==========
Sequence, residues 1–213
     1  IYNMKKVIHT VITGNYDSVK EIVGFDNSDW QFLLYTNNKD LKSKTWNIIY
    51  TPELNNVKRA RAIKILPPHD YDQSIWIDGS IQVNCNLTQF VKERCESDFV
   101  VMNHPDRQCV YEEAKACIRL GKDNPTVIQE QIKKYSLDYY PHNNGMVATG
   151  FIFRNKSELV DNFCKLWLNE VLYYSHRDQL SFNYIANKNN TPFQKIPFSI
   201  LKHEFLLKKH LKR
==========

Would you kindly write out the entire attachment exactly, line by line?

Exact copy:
Sequence, residues 1–213
     1  IYNMKKVIHT VITGNYDSVK EIVGFDNSDW QFLLYTNNKD LKSKTWNIIY
    51  TPELNNVKRA RAIKILPPHD YDQSIWIDGS IQVNCNLTQF VKERCESDFV
   101  VMNHPDRQCV YEEAKACIRL GKDNPTVIQE QIKKYSLDYY PHNNGMVATG
   151  FIFRNKSELV DNFCKLWLNE VLYYSHRDQL SFNYIANKNN TPFQKIPFSI
   201  LKHEFLLKKH LKR